Centre has been plagued with problems

THE £26million critical care centre at Ipswich Hospital, named after England's first woman doctor, Elizabeth Garrett Anderson, who was brought up in Suffolk, has been plagued with problems since its construction began.

THE £26million critical care centre at Ipswich Hospital, named after England's first woman doctor, Elizabeth Garrett Anderson, who was brought up in Suffolk, has been plagued with problems since its construction began.

The centre is the biggest development at the hospital since it was created in the early 1970s.

In October 2007, The Evening Star reported that not all the beds would be opened when the building of the centre was completed in January. It was thought that out of the six resuscitation beds in A&E, only three would open. One accident and emergency consultant feared overcrowding with people waiting on trolleys. The hospital claimed it would open more as demand grew.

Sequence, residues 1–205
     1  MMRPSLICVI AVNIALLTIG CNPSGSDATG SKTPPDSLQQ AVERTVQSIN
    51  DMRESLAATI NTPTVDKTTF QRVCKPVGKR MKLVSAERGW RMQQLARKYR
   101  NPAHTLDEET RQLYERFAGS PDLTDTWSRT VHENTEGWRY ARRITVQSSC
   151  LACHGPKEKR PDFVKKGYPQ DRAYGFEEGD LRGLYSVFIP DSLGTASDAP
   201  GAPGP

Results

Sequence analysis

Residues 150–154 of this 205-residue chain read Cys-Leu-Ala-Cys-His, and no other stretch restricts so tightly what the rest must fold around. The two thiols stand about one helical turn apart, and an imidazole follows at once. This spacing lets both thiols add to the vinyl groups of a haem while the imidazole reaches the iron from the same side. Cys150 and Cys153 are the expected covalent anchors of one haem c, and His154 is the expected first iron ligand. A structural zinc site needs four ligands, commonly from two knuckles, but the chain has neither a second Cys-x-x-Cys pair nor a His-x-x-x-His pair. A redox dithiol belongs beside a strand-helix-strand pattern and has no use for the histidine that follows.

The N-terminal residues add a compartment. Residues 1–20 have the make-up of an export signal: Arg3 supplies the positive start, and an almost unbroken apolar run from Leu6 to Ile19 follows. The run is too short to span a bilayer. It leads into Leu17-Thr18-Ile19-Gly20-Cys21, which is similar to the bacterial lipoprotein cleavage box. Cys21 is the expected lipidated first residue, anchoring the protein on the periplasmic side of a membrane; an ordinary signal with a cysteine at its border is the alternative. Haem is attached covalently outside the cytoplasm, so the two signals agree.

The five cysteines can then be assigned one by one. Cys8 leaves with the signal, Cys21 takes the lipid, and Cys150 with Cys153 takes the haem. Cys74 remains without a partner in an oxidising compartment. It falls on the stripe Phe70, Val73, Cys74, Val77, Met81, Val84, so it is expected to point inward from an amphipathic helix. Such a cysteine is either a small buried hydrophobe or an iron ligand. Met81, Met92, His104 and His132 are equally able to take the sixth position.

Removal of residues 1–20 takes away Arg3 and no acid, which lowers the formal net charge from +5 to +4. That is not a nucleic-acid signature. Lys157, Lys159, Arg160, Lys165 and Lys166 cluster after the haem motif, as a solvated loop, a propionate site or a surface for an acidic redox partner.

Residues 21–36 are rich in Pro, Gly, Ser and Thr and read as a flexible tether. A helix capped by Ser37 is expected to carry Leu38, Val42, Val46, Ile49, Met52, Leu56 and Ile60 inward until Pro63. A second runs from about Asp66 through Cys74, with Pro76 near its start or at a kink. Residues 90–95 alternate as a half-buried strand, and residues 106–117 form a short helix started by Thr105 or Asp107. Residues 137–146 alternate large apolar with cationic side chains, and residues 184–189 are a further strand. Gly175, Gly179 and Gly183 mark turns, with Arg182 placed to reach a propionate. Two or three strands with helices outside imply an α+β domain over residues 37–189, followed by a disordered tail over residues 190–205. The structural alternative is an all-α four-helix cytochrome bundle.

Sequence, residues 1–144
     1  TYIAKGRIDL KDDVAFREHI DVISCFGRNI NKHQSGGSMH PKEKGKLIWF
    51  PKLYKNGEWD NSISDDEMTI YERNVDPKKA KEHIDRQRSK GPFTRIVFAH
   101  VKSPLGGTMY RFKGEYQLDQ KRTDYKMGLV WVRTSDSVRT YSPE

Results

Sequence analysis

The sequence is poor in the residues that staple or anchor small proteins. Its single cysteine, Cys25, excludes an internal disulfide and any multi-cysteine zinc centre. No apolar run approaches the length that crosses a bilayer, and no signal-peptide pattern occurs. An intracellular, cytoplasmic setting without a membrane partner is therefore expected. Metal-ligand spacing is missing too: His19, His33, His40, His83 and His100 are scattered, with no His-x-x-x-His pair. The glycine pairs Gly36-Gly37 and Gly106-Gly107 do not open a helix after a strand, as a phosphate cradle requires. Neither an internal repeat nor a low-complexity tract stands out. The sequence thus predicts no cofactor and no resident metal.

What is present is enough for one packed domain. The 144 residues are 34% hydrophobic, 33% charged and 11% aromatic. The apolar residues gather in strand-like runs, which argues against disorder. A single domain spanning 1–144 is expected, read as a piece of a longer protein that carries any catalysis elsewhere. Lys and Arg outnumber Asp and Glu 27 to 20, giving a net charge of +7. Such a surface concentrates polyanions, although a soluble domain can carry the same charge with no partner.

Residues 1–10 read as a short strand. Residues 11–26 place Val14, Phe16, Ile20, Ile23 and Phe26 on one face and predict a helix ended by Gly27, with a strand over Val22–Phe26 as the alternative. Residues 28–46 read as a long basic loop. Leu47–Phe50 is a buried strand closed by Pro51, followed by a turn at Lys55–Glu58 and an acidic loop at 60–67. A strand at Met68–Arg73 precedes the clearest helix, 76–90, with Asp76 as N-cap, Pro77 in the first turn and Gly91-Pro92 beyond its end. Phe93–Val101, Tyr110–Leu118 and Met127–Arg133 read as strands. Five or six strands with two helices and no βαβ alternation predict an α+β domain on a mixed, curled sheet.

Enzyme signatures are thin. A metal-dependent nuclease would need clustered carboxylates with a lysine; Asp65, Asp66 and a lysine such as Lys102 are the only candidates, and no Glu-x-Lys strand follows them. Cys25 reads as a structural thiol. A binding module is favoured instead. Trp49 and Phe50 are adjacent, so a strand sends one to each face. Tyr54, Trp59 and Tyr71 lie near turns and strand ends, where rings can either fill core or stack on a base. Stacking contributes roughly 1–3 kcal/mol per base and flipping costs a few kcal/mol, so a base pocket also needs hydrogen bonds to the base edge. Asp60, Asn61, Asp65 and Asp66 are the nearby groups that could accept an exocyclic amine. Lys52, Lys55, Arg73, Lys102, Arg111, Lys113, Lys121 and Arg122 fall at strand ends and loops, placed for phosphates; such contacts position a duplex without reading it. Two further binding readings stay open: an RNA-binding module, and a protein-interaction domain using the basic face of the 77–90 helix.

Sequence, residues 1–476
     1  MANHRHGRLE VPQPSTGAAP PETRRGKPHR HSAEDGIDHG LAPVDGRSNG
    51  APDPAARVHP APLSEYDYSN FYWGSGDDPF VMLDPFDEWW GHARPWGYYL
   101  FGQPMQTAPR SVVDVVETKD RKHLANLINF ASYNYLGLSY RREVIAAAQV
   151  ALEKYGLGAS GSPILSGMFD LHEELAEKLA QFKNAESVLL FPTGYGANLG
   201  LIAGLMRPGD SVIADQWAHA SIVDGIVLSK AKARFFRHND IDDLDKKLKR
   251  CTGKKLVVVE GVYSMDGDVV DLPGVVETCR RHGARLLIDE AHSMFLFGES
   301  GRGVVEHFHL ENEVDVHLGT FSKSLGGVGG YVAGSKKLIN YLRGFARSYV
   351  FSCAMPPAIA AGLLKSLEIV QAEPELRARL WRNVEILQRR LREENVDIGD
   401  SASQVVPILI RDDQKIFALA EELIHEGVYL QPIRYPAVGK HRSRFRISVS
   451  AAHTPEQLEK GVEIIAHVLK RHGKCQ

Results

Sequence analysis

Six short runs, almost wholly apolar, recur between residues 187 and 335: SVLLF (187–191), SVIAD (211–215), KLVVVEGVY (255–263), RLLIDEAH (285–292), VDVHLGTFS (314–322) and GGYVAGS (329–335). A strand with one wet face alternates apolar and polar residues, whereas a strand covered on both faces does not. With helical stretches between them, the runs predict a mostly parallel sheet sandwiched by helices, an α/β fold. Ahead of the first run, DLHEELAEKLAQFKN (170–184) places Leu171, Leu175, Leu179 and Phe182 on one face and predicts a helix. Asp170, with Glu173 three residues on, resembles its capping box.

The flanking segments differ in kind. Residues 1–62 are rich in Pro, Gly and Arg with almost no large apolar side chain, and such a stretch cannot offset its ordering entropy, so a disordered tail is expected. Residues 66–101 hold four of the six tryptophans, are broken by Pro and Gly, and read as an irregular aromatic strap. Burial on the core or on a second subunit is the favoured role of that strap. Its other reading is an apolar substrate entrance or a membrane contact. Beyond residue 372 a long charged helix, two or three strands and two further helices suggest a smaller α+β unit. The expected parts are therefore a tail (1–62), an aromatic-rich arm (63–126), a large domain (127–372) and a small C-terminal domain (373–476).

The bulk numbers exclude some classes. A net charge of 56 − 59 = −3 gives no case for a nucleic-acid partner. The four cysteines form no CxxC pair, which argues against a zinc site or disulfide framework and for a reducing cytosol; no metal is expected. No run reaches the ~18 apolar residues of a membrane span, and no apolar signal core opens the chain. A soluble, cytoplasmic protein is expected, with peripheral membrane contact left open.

However a serious water leak in the building and problems with electrical equipment and ventilation systems all caused major delays, meaning the opening was put off. This also had an impact on other areas of the hospital, putting it at risk of failing to hit targets for waiting times.

The date for opening was put back after the building flooded, damaged equipment and resulted in two control panels needing to be sent to America for testing. The delays put an extra strain on staff who were battling to meet treatment time targets but did not have the extra day-surgery places for which they had planned.